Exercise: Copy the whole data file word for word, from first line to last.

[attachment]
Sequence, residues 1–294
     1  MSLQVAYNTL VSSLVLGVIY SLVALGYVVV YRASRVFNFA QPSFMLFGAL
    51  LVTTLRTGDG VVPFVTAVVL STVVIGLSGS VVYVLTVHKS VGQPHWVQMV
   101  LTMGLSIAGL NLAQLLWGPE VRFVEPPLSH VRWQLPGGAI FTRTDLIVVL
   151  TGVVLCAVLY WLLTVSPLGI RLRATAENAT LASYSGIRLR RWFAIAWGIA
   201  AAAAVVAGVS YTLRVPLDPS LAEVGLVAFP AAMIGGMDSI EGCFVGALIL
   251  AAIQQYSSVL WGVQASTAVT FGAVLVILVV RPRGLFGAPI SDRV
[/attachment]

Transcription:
Sequence, residues 1–294
     1  MSLQVAYNTL VSSLVLGVIY SLVALGYVVV YRASRVFNFA QPSFMLFGAL
    51  LVTTLRTGDG VVPFVTAVVL STVVIGLSGS VVYVLTVHKS VGQPHWVQMV
   101  LTMGLSIAGL NLAQLLWGPE VRFVEPPLSH VRWQLPGGAI FTRTDLIVVL
   151  TGVVLCAVLY WLLTVSPLGI RLRATAENAT LASYSGIRLR RWFAIAWGIA
   201  AAAAVVAGVS YTLRVPLDPS LAEVGLVAFP AAMIGGMDSI EGCFVGALIL
   251  AAIQQYSSVL WGVQASTAVT FGAVLVILVV RPRGLFGAPI SDRV